Cindy Crushes Programming: 11 Tips to Help Us All During Pandemic Programming, by librarian Cindy Shutts
Here are some tips I am doing with myself and my programming.
- Be kind to yourself: This is easier said than done. Everything is hard and draining. You have to realize you will not get the same amount of work done as before because you are working through basically an active trauma.
- Do not make programs too hard: This is really important because you do not want to overwhelm the teens or yourself. Having programs that are too hard can make you and the teens feel like failures if you both do not get the desired result.
- Do programs you care about within reason: This makes the work easier. I got back into Animal Crossing this year which made my life easier. I was able to do a whole series of programs around it. I add within reason because you want to make sure the teens are interested also.
- Look at social media to see what teens are interested in: I got a tik tok over the time I was sheltering in place and saw a lot of things that teens are following such as the resurgence of Twilight, Animal Crossing, plants, crafts, and a lot of social activism. This is giving us a chance to see what teens care about. I will warn you not to be creepy. Please keep healthy boundaries between you and your teens.
- Keep costs low: Right now attendance is very different than it was before. You have no idea what the attendance of programs will be. We can not hold ourselves to standards that are pre pandemic.
- Put Yourself First: This is very hard for people in our profession. We want to help everyone and do everything we can to help our patrons. You can not do your job if you do not keep yourself first. When we came back to work I had a lot of questions for our supervisors and thoughts. They allowed me to help me make my own way back to work. I work on my safety first. If I have concerns about my safety or feel like something is going wrong. I talk to my supervisors. This has been very helpful. I feel much more in control by setting boundaries
- Try New Things: You are having a chance to start fresh. Try new program things that you have always wanted to do but could not. We used Kahoot for trivia last week and it was super fun. We have always thought about doing virtual programs and this time has allowed us to use new platforms such as Roll 20, Jackbox Game, and of course Zoom.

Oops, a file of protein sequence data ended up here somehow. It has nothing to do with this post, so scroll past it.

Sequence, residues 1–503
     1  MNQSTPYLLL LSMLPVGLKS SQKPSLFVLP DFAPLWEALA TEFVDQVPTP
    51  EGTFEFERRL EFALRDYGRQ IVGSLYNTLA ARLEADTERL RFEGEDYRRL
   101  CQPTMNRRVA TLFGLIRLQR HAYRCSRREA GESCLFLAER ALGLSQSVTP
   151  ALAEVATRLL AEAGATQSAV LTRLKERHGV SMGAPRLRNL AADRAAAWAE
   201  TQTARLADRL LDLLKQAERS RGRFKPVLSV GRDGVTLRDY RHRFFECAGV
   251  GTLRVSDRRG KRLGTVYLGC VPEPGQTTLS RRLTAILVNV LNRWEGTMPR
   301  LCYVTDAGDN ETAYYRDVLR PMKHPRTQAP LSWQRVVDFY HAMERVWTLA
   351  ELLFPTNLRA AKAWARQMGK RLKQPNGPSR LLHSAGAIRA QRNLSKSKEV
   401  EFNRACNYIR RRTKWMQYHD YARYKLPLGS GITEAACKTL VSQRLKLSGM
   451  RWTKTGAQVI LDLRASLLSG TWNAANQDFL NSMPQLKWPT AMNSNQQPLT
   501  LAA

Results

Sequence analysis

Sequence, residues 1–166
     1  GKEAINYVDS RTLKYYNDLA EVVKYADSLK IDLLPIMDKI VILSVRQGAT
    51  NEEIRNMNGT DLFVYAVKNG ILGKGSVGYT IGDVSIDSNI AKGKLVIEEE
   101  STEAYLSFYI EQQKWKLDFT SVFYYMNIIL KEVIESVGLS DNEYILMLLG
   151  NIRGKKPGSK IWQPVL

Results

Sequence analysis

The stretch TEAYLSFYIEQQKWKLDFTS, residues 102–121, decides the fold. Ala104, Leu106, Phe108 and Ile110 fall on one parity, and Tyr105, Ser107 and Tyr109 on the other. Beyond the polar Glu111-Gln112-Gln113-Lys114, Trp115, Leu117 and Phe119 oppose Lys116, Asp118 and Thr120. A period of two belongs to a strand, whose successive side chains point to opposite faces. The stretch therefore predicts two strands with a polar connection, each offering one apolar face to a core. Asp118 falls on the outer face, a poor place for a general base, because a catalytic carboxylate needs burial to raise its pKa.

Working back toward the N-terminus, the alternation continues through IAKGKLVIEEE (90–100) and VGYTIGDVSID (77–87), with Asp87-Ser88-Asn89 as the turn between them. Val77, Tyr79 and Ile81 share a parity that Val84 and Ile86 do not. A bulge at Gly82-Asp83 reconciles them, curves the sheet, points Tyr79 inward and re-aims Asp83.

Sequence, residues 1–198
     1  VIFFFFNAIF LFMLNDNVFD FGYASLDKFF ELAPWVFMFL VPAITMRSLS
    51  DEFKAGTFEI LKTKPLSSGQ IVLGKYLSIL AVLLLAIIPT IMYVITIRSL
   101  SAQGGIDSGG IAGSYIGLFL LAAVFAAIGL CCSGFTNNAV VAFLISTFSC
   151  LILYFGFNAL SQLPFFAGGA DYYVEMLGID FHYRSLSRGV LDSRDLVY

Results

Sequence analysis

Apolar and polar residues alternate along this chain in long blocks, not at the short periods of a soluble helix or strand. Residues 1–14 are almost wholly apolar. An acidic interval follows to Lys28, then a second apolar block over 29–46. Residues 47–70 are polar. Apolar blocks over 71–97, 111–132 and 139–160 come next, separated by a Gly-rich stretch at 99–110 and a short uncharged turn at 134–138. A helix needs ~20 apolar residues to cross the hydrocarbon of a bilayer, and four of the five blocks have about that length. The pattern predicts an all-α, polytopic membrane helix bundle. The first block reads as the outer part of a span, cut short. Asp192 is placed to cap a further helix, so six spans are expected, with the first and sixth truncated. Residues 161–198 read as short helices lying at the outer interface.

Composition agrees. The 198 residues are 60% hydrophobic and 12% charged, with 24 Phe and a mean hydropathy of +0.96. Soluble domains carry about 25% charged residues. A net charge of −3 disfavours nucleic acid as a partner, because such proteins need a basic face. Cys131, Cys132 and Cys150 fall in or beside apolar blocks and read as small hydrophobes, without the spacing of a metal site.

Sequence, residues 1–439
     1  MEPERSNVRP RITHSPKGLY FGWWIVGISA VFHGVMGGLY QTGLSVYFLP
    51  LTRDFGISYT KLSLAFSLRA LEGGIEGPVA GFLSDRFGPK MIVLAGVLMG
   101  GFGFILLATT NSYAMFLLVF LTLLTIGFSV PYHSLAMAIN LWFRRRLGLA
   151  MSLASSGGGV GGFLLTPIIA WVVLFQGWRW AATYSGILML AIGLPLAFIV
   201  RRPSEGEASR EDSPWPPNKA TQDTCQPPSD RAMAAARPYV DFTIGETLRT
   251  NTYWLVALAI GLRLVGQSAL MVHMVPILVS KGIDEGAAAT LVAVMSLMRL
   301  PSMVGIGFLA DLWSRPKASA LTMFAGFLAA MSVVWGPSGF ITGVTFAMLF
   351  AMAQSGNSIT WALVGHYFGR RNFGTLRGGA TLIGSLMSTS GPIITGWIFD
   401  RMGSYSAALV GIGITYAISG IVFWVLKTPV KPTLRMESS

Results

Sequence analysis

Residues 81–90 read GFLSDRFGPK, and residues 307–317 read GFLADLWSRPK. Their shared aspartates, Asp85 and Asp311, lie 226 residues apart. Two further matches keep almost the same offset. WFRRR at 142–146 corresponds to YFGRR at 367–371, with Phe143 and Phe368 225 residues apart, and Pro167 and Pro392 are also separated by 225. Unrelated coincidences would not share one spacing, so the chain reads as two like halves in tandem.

- Be prepared to have changes: We are working on doing programs that if we had to work from home we could run them. We do not know what the next few months will bring so be prepared to change how you do your program. You have to be flexible when the time comes. My county just got more restrictions and our positivity rate is going up so we are looking at upcoming programs to see if we can adapt them if things get worse.
- It is okay to cancel a program: Sometimes things do not work out how you planned them. It is okay.You might have thought your craft was going to be in person but now it is a take and make and it does not work as a take and make. Cancel. You can not control the pandemic.
- Let yourself have feelings: It’s okay to be disappointed a program did not work out or no one came. You can feel that. It does not make you weak. This is a horrible year. I am just going to say 2020 is the worst. Your feelings are valid. You are in an active trauma.
- Protect Your Teens: There are new dangers in the virtual world. Make sure you practice kicking people out of your virtual program. Use a setting that lets you be in control of the room so that you can protect the teens from harassment. Zoom booming could happen so we use a waiting room and we are using our patron policy in the virtual space. Learn from others who have had issues. We require registration to come to most of our programs.
Cindy Shutts, MLIS
Cindy is passionate about teen services. She loves dogs, pro-wrestling, Fairy tales, mythology, and of course reading. Her favorite books are The Hate U Give, Catching FIre, The Royals, and everything by Cindy Pon. She loves spending times with her dog Harry Winston and her niece and nephew. Cindy Shutts is the Teen Services Librarian at the White Oak Library District in IL and she’ll be joining us to talk about teen programming. You can follow her on Twitter at @cindysku.
About Karen Jensen, MLS
Karen Jensen has been a Teen Services Librarian for almost 30 years. She created TLT in 2011 and is the co-editor of The Whole Library Handbook: Teen Services with Heather Booth (ALA Editions, 2014).
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